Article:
There's nothing more fun than a prank that brings great laughter to its victims, and this is what Chance the Rapper does when he becomes an undercover Lyft driver for a day. He drives unsuspecting passengers around Chicago and chats with them about all sorts of things, including rappers. It takes a while, but these passengers finally realize who they're really talking to, and their reactions are priceless (especially the last woman, who comes after you think the video is over, so watch to the end).
Chance pulls this stunt to bring attention to his charity, The New Chance Fund, which raises funds for art and literature enrichment in the Chicago public schools. Read the rest
Forty years ago, investigative journalists in Chicago hatched an audacious plan to create a fake tavern packed with hidden microphones, cameras, and reporters everywhere working as bar staff and customers. Their goal was to document local corruption. Topic has a great oral history of the project. Read the rest
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Sacha Baron Cohen, the man behind Ali G and Borat, is back with a new show which premieres this weekend. In the promo for the satirical half-hour series, called Who is America?, the British comedian can be heard asking, "Dick Cheney, is it possible to sign my waterboard kit?" The former Vice President answers, "Sure!" and is then shown autographing an empty plastic water jug. It then cuts to him, "That's the first time I've ever signed a waterboard." Troll level: expert.
From the official description: "In the works over the past year, the seven-episode series explores the diverse individuals, from the infamous to the unknown across the political and cultural spectrum, who populate our unique nation."
Showtime Networks president and CEO David Nevins said in a statement, "Sacha is a comedic genius who shocks you with his audacity, bravery and inventiveness. He is the premier provocateur of our time, but not for the sake of ‘gotcha’ moments. Behind the elaborate setup is a genuine quest for the truth about people, places and politics. Nobody knows how to cause a stir like Sacha Baron Cohen, and it’s going to be fascinating to watch what happens when Who Is America? is released on the world.”
The show begins airing Sunday, July 15 at 10 PM ET/PT on Showtime.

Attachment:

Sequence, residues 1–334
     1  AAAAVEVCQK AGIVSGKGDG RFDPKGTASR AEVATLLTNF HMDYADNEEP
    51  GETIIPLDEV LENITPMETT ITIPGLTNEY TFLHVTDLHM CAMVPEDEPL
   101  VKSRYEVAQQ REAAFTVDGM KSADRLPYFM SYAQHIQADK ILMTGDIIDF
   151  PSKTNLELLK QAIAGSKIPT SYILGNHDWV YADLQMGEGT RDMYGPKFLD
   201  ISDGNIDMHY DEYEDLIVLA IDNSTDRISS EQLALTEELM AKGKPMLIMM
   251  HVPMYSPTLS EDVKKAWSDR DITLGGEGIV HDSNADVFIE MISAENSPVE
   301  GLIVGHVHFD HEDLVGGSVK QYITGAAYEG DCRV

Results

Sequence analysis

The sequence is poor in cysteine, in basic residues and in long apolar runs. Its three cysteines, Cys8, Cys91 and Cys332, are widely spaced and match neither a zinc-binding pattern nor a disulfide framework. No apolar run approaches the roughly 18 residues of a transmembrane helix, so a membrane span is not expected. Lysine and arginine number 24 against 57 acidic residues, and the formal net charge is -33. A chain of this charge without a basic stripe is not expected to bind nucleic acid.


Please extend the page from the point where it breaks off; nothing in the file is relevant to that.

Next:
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For a publicity stunt for his new movie The Foreigner, the lovable Jackie Chan signed up for a bunch of new online accounts under the name "ActuallyJackieChan" and humorously started answering questions from fans. Of course, without verified checkmarks on those accounts, the martial arts actor just looked like someone posing as Jackie Chan.
Here's what he wrote on Reddit:
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The New Yorker released a tape today from 2015, between then 22-year-old model Ambra Battilana Gutierrez and Harvey Weinstein.
This was taped as part of an undercover operation with the New York Police Department the day after Weinstein had sexually abused Gutierrez in his office, "groping her breasts and putting his hand up her skirt," according to The Guardian. Wearing a wire, Gutierrez is standing in the hallway of his hotel room as he tries to get her inside.
This audio shows how forceful, disrespectful and egotistical Weinstein is. Some lines between the two from the tape:
G: Yesterday was kind of aggressive for me.
W: Don't embarrass me in the hotel. I'm here all the time.
G: But I don't want to.
W: Come here. Listen to me... You'll never see me again after this... I'm a famous guy. Please come in now.
G: Why yesterday you touched my breast?
W: Oh, please, I’m sorry, just come on in. I’m used to that. Come on. Please.
G: You’re used to that?
W: Yes. Come in... I won’t do it again, come on, sit here. Sit here for a minute, please?... Don’t ruin your friendship with me for five minutes. Read the rest
At Hopes&Fears, Kristen Felicetti has tips from private dicks on how to lose someone who is following you, in a car, on foot, and on public transportation. Read the rest
Most of the time, when somebody goes undercover inside a meat processing facility, it's done with the express goal of convincing other people to stop eating meat. But that wasn't what journalist Ted Conover had in mind. He was more just curious, especially given the growing trend of state laws preventing undercover infiltration of agribusiness facilities. So, using his real name and address, Conover got a job as a USDA meat inspector at a Cargill plant.
What's fascinating here is that the problems he finds have less to do with animal abuse (Maryn McKenna reports that Conover was surprised to find himself in a clean, safe, humane facility) and more to do with the abuse of antibiotics — a trend that is a major contributor to antibiotic resistance.
You can't read the full story for free, unfortunately. Such is the way of Harpers. But Maryn McKenna has a summary, Conover has a blog post on agribusiness gag laws, and you can buy access to the full story with a Harper's subscription. Read the rest